California tenure ruling could be shot heard around the nation

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A landmark ruling by a California judge, finding that the state's tenure rules discriminate against poor and minority students by leaving bad public school teachers in the classroom, was the biggest blow yet in a battle several states have waged against the system.

The more powerful the cloak of tenure becomes, the more determined states are to dismantle it. More than a half-dozen states either through their Legislatures or executive branch reforms, are seeking to end or scale back tenure. In addition to keeping bad teachers in front of children, it makes the process of getting rid of them so costly that school districts either give up or compromise.

That's why the decision by California Superior Court Judge Rolf M. Treu last Tuesday echoed like a nuclear blast far beyond the Golden State. In Florida and New Jersey, where Republican governors are seeking to end teacher tenure, and Idaho, Illinois, Indiana, Ohio and Pennsylvania, where elected officials are seeking major reforms, the decision provided much-needed leverage.

“The decision in California is the first time the unions have been challenged,” Sandi Jacobs, vice president and managing director of state policy for the National Council on Teacher Quality, told “This is new and groundbreaking, especially in states where legislation has not shown interest.”

As if on cue, one powerful lawmaker in New Jersey referenced the boost the decision could give to longstanding efforts to take on tenure.

"This legislature should seize this opportunity and momentum to pass full tenure reform to improve education and lower property taxes in New Jersey," State Sen. Joseph Kyrillos, a Republican who wants to work with New Jersey Gov. Chris Christie to rein in unions and impose a merit-based pay system, told the Newark Star-Ledger.

Florida has tried to implement sweeping tenure reform twice since 1997, when the probationary period for tenure was dropped from one year to 97 days. The change proved unsuccessful, as only 101 out of nearly 11,000 teachers in the state were dismissed in the following year. The unions stepped in and won back many of their protections.

Twelve years later, a new reform plan was proposed to abolish tenure for all teachers in favor of renewable yearly contracts for the first ten years, at which point an educator could secure a five-year contract. The proposed bill was never passed in the State Senate.

New Jersey Gov. Chris Christie has been working toward reforming the tenure system in his state ever since he took office. Teachers currently earn tenure after three years on the job. Christie has proposed keeping that component, but adding a two-part assessment based on student achievement and teacher performance. Under his plan, any instructor deemed ineffective through the assessment must improve within a year or be fired.

In 2012, Christie signed a reform bill into law that added annual evaluations and sped up the dismissal process, but did nothing to end or change seniority rules.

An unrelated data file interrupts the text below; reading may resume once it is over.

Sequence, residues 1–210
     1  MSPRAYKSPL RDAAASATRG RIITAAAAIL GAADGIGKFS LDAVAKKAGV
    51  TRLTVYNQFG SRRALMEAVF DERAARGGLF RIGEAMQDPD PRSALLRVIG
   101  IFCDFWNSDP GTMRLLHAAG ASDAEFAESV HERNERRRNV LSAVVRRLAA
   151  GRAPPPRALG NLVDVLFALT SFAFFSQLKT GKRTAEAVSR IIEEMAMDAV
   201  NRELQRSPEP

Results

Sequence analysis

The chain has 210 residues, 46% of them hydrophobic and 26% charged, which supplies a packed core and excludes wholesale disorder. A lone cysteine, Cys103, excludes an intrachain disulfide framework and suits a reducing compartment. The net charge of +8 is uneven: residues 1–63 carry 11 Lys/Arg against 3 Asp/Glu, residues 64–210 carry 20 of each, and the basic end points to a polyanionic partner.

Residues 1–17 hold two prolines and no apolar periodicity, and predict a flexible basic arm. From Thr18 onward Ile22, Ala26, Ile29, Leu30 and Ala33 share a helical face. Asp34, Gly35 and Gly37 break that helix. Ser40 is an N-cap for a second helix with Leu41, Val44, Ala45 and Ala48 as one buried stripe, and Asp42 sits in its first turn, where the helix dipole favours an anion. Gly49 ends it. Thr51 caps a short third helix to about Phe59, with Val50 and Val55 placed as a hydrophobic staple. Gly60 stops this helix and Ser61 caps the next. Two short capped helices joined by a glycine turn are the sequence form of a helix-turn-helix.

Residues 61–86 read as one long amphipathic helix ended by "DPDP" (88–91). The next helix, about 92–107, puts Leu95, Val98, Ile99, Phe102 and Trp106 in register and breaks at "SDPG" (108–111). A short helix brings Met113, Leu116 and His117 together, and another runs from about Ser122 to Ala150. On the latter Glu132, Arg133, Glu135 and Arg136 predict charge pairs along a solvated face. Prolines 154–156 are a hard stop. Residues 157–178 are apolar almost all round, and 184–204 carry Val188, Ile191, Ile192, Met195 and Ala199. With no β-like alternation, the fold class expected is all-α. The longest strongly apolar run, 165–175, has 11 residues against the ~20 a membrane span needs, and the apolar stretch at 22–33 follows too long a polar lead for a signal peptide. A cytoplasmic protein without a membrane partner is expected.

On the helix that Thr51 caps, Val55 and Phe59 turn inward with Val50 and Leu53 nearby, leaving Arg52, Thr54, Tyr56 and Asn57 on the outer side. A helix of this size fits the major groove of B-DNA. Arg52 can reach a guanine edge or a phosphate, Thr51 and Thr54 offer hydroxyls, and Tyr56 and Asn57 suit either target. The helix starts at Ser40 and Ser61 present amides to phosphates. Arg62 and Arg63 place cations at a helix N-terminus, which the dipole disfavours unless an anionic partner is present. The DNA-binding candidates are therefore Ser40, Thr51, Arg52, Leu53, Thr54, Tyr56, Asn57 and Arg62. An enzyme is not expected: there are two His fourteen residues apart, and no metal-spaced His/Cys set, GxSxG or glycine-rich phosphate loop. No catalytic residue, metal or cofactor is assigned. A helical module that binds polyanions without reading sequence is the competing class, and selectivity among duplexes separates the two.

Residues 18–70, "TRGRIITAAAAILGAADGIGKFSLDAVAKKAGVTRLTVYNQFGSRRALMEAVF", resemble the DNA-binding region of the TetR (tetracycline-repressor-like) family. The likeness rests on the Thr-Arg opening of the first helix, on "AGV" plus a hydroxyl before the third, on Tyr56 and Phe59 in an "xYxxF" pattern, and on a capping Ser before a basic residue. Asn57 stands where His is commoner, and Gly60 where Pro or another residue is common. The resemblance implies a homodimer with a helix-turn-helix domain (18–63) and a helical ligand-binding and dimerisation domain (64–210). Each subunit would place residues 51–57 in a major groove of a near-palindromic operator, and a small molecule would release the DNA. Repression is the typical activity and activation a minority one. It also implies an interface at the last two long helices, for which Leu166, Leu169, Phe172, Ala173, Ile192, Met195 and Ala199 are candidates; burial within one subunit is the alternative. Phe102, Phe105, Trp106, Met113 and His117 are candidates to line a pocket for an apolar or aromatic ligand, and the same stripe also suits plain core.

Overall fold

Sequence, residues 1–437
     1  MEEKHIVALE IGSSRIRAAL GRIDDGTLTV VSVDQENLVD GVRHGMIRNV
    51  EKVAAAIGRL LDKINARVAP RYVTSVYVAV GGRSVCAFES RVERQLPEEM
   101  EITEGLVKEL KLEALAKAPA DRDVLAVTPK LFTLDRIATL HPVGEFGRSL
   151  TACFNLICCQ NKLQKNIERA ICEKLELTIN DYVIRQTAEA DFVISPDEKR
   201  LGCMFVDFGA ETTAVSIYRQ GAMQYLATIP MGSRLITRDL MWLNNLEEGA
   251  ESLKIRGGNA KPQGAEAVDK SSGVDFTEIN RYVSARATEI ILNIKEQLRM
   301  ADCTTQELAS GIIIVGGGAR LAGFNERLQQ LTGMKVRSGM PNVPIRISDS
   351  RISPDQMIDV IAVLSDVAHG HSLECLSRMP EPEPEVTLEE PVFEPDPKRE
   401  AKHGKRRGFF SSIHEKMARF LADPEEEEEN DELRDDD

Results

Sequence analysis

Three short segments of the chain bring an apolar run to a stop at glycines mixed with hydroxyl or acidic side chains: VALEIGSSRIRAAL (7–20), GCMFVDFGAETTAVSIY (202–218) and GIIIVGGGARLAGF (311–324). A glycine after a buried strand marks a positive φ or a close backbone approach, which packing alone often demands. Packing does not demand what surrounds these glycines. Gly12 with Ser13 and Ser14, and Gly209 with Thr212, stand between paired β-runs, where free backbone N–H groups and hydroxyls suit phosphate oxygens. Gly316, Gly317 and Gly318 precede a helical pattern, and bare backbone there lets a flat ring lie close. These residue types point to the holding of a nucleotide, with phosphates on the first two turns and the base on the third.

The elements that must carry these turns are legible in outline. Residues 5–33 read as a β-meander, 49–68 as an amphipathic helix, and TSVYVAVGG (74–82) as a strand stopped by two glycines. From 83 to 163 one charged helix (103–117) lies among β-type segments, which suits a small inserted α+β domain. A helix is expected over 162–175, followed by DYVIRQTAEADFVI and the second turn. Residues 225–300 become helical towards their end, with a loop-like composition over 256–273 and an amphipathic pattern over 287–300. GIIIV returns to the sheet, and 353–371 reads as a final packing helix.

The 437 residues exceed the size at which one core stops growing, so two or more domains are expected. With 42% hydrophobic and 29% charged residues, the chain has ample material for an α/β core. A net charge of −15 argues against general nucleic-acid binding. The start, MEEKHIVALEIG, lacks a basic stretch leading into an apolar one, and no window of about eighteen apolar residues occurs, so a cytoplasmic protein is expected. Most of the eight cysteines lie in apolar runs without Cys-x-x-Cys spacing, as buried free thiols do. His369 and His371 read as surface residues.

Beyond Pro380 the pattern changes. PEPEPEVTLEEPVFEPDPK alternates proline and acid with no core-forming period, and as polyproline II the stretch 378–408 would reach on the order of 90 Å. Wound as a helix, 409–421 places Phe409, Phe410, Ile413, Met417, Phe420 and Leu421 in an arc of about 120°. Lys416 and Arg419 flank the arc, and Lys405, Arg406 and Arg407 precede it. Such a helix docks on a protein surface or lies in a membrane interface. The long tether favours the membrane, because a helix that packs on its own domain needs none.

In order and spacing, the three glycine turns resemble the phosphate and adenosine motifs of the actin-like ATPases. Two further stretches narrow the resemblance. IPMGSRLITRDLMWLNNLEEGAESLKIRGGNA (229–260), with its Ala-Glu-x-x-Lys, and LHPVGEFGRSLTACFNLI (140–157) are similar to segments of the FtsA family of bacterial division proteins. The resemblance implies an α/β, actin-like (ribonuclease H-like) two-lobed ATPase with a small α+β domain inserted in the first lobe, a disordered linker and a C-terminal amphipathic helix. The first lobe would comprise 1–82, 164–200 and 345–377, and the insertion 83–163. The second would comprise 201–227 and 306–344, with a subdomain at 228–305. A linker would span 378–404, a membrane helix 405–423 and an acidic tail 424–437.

While the California decision, which faces certain appeals by the unions, may give states the cover to take bolder action, most reforms to the teacher tenure system to date have been modest, and their benefits unclear.

Given the close relationship between teachers unions and many Democrat lawmakers, even tough reforms only work if there is a will to enforce them, said Audrey Spalding, educational policy director for Michigan-based Mackinac Center for Public Policy. The think tank recently published a report on how Michigan school districts responded to laws passed in 2011.

“We reviewed 200 teacher contracts, and school districts have gone out of their way to go around the laws that were passed,” Spalding told

The Michigan laws were put in place to allow school officials to retain and reward teachers based on merit over seniority and ban collective contract bargaining. The study found that the reforms did not take hold immediately, with each district implementing changes on their own schedule and some even agreeing to union contracts without any changes made to the language to adhere to the new law.

“It’s just not enough to change the law," Spalding said. "The devil is in the details, and implementation is key.”

Other states have tried to implement tenure reform with mixed results.

The city of New York saw some positive results in 2008 when then-Mayor Michael Bloomberg took up tenure reform. He introduced a program called the “Principal Portal,” which gave school leaders guidelines on which to base teacher evaluations. The number of teachers dismissed during their probationary period doubled from 3 percent to 6 percent. But Bloomberg has since left office, and his successor, Bill de Blasio, is an unabashed supporter of teachers unions who few expect to continue the Bloomberg policies.

When Di Blasio and United Federation of Teachers President Michael Mulgrew held a joint announcement that the city was giving teachers an unprecedented nine-year contract, Mulgrew was effusive in his praise for the mayor his union had endorsed.

“I call this the contract for education,” said Mulgrew. “This is a mayor who actually respects a workforce, and says they do a good job.”